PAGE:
It may seem fun to brag to friends and acquaintances on social networks about your upcoming trip to a beach-party paradise, but you might want to resist the temptation to call too much attention to the fact that you’re leaving behind an empty, unattended apartment or house for weeks at a time.
Burglars have already begun to turn to Facebook and Twitter to find homes that may be vacant during a holiday absence. Don’t make their job any easier for them by giving them your travel itinerary. Of course, if you feel compelled to post vacation snaps on the road, modify your privacy settings so only your closest friends see those notifications. At least then you’ll have a starting point for the police when they begin investigating the burglary of your home.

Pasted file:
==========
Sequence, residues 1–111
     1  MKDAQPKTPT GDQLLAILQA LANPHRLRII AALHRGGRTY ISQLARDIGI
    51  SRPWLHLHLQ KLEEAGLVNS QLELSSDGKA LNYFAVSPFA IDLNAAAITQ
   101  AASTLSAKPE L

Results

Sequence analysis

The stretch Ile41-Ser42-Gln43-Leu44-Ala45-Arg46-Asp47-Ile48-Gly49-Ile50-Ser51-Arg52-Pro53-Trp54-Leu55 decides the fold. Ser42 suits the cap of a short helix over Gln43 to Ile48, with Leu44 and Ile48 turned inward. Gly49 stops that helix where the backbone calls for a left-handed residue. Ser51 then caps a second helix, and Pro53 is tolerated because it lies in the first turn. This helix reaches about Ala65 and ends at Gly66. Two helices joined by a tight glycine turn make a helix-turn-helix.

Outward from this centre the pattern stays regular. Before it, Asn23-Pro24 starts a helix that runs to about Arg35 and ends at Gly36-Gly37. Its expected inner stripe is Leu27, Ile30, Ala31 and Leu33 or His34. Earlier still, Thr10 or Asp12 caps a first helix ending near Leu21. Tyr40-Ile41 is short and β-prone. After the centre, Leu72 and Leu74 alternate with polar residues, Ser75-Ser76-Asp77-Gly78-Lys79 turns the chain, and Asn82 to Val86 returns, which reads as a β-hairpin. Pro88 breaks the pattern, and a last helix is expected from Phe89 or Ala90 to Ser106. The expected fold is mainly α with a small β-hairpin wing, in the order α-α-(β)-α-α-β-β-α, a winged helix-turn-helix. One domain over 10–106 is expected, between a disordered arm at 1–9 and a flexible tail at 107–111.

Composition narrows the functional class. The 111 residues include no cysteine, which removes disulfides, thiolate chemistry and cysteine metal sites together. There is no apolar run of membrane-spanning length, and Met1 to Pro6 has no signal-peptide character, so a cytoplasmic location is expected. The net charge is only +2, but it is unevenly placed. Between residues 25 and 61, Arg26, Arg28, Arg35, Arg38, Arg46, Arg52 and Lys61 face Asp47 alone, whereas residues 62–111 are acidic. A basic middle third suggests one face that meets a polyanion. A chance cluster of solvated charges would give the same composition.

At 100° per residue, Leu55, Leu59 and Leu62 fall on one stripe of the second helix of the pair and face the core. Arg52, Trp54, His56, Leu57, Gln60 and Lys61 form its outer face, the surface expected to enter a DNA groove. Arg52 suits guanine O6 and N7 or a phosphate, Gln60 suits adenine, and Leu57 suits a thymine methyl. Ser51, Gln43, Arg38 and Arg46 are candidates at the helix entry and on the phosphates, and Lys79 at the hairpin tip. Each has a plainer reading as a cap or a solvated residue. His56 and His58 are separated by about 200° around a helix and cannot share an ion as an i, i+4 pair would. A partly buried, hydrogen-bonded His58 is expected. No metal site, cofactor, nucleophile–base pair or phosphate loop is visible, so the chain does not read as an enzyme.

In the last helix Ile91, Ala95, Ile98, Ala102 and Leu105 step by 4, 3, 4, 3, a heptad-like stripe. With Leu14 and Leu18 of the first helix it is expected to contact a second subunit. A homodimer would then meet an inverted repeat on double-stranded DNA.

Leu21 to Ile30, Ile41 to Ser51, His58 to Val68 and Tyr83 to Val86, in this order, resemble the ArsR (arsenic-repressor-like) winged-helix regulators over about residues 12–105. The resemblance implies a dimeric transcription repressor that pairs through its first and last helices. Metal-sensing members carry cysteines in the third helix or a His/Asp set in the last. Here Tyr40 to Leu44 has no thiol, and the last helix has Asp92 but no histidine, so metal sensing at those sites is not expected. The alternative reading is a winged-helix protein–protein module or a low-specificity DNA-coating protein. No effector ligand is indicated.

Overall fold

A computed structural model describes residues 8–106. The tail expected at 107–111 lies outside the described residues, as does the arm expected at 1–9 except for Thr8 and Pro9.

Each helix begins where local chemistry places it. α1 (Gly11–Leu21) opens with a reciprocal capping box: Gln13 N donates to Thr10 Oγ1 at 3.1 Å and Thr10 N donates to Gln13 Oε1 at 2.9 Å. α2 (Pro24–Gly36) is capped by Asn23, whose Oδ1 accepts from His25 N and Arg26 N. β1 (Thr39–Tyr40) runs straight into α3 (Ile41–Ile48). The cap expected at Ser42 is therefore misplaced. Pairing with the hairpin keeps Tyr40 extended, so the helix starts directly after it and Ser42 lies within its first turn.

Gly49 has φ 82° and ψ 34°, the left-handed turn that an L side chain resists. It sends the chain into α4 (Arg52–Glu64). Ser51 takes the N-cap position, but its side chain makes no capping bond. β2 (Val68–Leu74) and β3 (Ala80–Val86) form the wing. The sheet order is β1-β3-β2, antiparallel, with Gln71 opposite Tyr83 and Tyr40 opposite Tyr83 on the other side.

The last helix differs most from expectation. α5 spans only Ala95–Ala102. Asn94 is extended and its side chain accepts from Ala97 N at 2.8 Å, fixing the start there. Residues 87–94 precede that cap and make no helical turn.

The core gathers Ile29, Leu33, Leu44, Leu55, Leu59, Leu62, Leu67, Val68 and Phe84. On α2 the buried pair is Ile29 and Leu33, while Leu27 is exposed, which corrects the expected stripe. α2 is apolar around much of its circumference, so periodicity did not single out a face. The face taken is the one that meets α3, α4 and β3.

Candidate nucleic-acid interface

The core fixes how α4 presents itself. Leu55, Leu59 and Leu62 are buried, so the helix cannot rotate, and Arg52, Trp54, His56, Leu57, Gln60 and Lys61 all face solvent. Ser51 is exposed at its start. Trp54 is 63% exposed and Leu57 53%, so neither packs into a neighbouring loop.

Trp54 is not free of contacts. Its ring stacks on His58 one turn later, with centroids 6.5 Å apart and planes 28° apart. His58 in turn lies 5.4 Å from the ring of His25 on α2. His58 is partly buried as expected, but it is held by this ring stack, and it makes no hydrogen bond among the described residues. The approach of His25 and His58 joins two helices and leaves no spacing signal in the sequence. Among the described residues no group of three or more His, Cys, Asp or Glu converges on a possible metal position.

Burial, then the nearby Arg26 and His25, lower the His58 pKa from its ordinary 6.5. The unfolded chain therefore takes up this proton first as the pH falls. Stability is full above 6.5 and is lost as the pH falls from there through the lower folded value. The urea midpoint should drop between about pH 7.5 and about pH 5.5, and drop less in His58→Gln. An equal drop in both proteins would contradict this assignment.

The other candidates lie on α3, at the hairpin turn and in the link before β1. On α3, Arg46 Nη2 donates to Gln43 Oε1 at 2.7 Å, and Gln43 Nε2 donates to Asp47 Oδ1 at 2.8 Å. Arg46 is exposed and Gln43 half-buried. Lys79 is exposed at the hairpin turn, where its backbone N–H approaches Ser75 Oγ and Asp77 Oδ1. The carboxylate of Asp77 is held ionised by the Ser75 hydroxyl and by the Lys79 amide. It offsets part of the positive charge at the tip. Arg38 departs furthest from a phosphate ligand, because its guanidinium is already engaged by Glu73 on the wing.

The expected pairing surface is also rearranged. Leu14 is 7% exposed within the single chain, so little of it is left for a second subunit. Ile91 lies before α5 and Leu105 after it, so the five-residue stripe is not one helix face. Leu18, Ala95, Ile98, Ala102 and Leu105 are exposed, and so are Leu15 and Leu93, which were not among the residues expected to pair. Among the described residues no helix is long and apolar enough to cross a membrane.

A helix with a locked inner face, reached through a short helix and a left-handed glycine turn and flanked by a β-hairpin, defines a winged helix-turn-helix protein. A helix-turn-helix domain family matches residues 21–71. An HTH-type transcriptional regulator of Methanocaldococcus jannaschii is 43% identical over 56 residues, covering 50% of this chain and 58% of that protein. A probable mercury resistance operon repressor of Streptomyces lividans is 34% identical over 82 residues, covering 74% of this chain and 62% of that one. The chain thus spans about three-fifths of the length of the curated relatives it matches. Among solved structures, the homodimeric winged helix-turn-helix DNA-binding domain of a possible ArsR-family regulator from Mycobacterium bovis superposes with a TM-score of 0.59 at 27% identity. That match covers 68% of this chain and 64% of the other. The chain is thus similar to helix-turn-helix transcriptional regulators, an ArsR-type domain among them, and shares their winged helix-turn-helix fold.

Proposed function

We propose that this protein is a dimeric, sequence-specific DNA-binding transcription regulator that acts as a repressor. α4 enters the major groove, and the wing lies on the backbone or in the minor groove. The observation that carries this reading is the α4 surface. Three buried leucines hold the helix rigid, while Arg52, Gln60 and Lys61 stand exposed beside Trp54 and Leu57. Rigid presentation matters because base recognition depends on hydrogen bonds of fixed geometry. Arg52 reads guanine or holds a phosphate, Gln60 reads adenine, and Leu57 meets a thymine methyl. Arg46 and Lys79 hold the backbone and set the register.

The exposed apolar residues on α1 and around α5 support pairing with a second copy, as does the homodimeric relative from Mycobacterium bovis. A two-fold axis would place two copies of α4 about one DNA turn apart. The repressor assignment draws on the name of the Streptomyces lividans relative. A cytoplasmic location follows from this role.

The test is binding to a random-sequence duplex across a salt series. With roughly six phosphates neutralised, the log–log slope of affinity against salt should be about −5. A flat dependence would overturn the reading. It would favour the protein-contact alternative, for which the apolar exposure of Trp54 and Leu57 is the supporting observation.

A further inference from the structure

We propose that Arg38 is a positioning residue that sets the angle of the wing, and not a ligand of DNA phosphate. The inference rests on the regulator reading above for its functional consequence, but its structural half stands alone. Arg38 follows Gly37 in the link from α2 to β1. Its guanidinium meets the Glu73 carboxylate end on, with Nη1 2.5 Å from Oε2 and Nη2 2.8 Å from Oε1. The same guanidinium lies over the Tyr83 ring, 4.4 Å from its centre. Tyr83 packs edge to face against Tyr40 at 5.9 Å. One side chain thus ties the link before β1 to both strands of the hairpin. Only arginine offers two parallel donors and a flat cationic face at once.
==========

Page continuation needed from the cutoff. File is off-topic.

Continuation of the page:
And speaking of social networks, it’s a best practice to copy and paste links instead of clicking on social sharing icons while you’re on vacation. Using these icons opens the risk of likejacking or clickjacking scams that can gain access to your accounts from weaknesses in your Internet browser.
Fact or Myth? "It's okay to post travel plans on social networks."
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